area go to access local facilities, such as shops and leisure

activities? • Which areas do you identify as your local

community? Your opinion matters. For more information

and interactive maps, visit: consultation.lgbce.org.uk and

www.lgbce. org.uk. Write to: Review Officer (Norfolk),

LGBCE, 1st Floor, Windsor House, 50 Victoria Street,

London, SW1H 0TL Email: reviews@ lgbce.org.uk.

Twitter: @LGBCE Consultation.

Closing Date 10 th December:

Have your say on Norfolk's Council Tax. Go to

www.norfolk.gov.uk/budget to feed back. The council is

proposing a rise of 3.99% for 2020/21 i.e. 1.99% for general

services and 2% for adult social care. (If you are not familiar

with computers ask for assistance at the library or wait for

posted information). Cabinet reviews the matter on 13 th

January and the decision will be set at full Council on 17 th

February. Upwards and onwards.


County Cllr Dr Marie Strong Wells Division - for now

consists of the following parishes - have your say as to what

happens next. Barshams & Houghton St Giles, Binham with

Cockthorpe, Blakeney, Brinton with Sharrington, Field

Dalling & Saxlingham, Glandford with Letheringsett, Great

Snoring, Great & Little Walsingham, Hindringham,

Holkham, Langham, Morston, Sculthorpe, Stiffkey, Stody with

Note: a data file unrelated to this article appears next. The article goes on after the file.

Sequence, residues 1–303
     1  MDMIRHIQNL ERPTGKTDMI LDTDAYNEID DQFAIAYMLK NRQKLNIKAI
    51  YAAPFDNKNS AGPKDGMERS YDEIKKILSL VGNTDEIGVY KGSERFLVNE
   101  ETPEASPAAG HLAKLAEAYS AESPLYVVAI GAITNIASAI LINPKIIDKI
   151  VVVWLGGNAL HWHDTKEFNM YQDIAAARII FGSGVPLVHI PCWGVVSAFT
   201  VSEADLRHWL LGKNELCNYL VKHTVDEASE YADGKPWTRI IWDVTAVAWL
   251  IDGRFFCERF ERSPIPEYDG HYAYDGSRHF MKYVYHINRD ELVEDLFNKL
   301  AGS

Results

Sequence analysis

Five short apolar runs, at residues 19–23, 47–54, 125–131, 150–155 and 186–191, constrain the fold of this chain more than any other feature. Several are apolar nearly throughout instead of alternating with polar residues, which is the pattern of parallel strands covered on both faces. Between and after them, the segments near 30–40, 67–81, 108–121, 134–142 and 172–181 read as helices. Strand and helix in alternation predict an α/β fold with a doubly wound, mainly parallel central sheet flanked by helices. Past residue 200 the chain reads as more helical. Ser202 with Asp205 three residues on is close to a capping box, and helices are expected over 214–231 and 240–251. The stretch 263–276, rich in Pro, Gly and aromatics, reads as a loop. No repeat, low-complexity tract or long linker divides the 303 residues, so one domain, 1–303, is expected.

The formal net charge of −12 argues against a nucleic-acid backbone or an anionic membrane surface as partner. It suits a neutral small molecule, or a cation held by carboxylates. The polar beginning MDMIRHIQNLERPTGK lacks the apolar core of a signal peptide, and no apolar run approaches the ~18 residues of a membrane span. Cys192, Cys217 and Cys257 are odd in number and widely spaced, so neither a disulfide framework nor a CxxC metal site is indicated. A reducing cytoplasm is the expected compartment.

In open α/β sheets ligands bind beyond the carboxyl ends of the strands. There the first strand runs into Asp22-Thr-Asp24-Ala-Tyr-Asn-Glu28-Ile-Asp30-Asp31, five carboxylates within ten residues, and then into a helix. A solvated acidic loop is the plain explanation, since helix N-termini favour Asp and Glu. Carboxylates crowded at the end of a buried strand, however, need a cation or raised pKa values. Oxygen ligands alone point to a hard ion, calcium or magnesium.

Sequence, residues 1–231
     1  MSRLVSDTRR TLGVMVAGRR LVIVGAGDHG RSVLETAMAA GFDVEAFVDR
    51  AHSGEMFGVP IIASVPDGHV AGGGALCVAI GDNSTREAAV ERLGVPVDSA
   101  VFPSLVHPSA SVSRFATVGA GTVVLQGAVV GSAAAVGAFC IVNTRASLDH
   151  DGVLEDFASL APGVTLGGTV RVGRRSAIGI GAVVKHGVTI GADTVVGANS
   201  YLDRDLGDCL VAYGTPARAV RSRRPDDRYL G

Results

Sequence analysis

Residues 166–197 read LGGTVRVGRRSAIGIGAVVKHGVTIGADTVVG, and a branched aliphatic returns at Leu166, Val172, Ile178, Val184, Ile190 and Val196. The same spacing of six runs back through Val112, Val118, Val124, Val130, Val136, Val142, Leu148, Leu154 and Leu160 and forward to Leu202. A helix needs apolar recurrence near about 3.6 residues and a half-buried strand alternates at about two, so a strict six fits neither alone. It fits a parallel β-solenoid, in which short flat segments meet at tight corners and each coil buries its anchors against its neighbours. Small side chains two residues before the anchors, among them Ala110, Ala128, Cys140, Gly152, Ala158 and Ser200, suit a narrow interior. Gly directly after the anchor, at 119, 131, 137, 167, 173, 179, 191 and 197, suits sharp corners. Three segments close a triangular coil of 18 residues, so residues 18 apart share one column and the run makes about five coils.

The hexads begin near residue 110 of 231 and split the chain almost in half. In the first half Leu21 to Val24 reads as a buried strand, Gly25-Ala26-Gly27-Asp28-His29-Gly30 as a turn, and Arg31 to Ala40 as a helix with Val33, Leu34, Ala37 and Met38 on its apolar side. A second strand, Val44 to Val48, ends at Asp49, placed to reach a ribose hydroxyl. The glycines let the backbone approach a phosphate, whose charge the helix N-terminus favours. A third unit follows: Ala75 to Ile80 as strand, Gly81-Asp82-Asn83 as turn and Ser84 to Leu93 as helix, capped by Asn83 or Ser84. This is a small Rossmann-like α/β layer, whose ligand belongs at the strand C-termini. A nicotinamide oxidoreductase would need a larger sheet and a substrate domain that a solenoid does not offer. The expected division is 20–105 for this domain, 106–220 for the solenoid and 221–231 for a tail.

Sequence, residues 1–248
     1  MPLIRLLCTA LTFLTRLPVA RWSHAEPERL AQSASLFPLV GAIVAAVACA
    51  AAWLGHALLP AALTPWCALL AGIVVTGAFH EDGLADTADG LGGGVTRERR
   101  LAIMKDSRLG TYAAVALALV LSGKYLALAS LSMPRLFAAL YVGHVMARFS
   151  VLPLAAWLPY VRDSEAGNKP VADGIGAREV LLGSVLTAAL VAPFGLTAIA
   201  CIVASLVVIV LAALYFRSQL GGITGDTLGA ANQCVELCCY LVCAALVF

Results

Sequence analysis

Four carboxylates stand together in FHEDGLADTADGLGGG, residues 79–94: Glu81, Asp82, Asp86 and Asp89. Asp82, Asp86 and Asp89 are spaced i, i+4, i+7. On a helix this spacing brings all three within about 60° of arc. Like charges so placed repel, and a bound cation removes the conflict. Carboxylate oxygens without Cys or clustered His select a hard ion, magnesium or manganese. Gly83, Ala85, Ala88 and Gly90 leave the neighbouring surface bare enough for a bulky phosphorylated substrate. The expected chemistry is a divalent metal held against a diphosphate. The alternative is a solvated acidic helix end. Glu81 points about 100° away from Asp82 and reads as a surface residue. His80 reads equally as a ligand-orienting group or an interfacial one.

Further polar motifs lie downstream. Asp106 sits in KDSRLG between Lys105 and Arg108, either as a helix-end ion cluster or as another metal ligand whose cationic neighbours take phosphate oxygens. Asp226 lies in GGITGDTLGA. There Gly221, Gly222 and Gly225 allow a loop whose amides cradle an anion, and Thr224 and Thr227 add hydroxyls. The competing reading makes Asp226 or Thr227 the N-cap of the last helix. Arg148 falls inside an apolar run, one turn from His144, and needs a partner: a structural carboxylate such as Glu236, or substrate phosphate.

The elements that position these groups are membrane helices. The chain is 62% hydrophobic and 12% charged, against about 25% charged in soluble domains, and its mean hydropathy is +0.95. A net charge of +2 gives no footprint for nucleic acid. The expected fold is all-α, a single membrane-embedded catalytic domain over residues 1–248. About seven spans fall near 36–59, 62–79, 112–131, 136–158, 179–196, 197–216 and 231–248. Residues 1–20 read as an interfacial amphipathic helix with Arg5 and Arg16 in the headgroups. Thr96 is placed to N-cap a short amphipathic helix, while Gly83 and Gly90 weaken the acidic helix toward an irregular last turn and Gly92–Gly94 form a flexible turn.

Hunworth, Thornage & Little Thornage, Warham, Wells-next

-the-Sea, Wighton, Wiveton

marie.strong@norfolk. gov.uk or 07920 286 597

…from Steffan Aquarone

In my capacity as Liberal Democrat spokesperson for

climate change, I am pleased to report that the cross-party

Task and Finish Group set up by the council to report on the

climate emergency has made good progress. It all hangs on

whether the council accepts our recommendations at its next

meeting on 25th November*. On the one hand, I am

encouraged by the group’s approach, on the other hand, the

County Council still refuses to declare a climate emergency.

Watch this space...

As we enter into the next phase of the budget-setting

process, my priority as your county councillor will be trying

to lobby for the areas of greatest pressure - in particular the

Minimum Income Guarantee (MIG), the previous cuts to

which the controlling administration shows little sign of

wavering on. The MIG is the level of income below which

households do not have to pay towards the cost of adult

social care. Reducing the MIG to the lowest level it can be

legally has left some of Norfolk’s poorest with £60 a week

less to live on.

[*Not known at the time of going to print.]

Steffan Aquarone: County Councillor Melton Constable

Division ( incl. Bale and Gunthorpe Parishes)

steffanaquarone@gmail.com or 07879 451608


…from Cllr. Richard Kershaw

The NNDC Corporate plan has now been approved by